Special Issue "Clostridium difficile Infection: Unmet Needs and Unsolved Questions"
Deadline for manuscript submissions: 31 May 2021.
Interests: healthcare associated infections; multidrug resistant organisms; antimicrobial stewardship; infection prevention and control; emerging infectious diseases; Clostridioides difficile infection
The current picture of Clostridioides difficile infection (CDI) is alarming with a recurrence rate ranging from 12% to 40% and a not negligible mortality rate, i.e., between 3% and 15%. Despite the great efforts made over the past 10 years to face the CDI burden, there are still grey areas in our knowledge on CDI management.
Major issues affecting the management of CDI include the high rate of CDI underdiagnosis, the unacceptably high rate of CDI recurrence, and the difficulties faced in reducing the spread of CD among hospitalized patients.
The underdiagnosis of CDI is a recognized issue, either because of suboptimal laboratory diagnostic methods or because of absence of clinical suspicion. There are unsolved questions, such as why the rate of underdiagnosis differs among countries and among hospitals in the same countries, and there is a need to elucidate the reasons for its high rate. In this regard, community-acquired CDI are increasingly represented in the literature, but in “real life”, they are poorly studied, and their underdiagnosis has been hypothesized.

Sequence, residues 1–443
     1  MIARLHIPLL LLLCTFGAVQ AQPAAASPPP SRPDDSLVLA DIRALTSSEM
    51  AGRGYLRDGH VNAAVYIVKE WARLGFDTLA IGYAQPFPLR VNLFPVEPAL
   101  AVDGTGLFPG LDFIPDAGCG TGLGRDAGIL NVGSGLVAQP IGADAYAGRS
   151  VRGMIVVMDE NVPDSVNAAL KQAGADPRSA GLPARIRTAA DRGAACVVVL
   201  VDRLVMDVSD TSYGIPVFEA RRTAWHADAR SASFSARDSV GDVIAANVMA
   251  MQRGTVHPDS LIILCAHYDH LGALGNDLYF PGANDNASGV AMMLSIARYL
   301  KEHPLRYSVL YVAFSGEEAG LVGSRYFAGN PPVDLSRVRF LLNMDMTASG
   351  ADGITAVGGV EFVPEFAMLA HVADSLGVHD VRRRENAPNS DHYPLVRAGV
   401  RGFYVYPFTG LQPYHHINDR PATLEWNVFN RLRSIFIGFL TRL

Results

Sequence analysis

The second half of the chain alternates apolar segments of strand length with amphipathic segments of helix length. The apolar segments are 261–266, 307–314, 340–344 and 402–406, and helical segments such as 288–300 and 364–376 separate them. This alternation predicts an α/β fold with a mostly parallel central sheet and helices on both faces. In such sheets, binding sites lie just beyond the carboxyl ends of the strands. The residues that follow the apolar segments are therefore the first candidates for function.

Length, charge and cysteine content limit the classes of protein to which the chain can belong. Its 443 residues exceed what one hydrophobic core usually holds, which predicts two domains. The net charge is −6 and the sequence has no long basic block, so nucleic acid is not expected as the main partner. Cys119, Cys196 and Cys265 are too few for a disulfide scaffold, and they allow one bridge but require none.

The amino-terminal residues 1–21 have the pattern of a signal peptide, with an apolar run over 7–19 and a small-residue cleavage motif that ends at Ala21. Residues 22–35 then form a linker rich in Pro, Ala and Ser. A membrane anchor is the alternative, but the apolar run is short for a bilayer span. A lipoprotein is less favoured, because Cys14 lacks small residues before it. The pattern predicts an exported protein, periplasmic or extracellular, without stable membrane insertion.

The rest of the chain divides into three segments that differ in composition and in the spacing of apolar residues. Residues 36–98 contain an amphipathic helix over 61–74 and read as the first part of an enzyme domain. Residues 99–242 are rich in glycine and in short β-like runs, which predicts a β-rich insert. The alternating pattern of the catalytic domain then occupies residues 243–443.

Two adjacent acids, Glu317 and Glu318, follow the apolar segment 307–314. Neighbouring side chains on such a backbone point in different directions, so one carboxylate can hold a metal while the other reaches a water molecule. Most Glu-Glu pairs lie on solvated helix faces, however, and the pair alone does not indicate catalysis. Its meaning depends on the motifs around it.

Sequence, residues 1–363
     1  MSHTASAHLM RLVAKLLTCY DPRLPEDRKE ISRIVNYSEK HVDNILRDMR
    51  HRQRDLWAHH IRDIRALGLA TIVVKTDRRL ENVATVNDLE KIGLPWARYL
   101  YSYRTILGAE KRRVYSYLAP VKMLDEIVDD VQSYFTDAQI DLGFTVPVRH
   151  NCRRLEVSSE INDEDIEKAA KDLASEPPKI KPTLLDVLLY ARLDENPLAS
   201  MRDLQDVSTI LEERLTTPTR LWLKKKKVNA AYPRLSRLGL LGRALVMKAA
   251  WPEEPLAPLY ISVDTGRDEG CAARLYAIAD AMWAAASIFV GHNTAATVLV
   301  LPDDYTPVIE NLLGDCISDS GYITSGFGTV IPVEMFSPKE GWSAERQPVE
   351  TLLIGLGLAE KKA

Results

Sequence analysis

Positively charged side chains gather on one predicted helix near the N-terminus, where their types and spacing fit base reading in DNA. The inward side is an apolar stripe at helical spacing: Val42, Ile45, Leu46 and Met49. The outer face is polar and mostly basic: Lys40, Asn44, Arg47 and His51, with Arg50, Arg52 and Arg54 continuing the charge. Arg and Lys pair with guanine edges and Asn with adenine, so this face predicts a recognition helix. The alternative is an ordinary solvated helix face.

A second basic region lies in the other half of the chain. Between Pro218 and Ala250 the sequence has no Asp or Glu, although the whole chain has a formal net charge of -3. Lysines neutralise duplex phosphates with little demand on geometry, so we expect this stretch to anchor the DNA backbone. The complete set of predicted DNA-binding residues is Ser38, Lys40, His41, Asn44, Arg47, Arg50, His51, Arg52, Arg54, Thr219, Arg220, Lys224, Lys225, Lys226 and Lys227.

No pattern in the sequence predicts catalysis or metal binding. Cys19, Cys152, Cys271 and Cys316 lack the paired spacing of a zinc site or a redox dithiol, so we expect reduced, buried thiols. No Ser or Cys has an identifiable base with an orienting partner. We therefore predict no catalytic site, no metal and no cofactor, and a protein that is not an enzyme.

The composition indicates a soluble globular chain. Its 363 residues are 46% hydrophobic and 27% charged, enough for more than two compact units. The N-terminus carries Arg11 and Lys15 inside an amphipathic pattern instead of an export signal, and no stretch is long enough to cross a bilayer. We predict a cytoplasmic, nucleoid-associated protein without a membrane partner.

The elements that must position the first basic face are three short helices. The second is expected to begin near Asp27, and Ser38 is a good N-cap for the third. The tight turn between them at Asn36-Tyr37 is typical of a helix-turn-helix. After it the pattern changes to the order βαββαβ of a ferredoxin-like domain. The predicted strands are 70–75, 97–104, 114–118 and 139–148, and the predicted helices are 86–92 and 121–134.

A further critical issue in the management of CD regards the high recurrence rate observed with the currently available CDI therapy. Importantly, in the last few years, many advances in the field of pathogenesis of CDI and on the role of intestinal microbiota have been made, and new strategies for the treatment and prevention of CDI are being studied.
Undeniably, more efforts are needed in order to reduce the spread of CDI, especially among hospitalized patients. Asymptomatic CD carriers might represent a “submerged iceberg” that significantly contributes to the CD hospital spread. Understanding the role asymptomatic carriers play in perpetuating CD transmission in healthcare settings as well as defining the usefulness of contact isolation for them is crucial but also particularly challenging to examine.
Dr. Nicola Petrosillo
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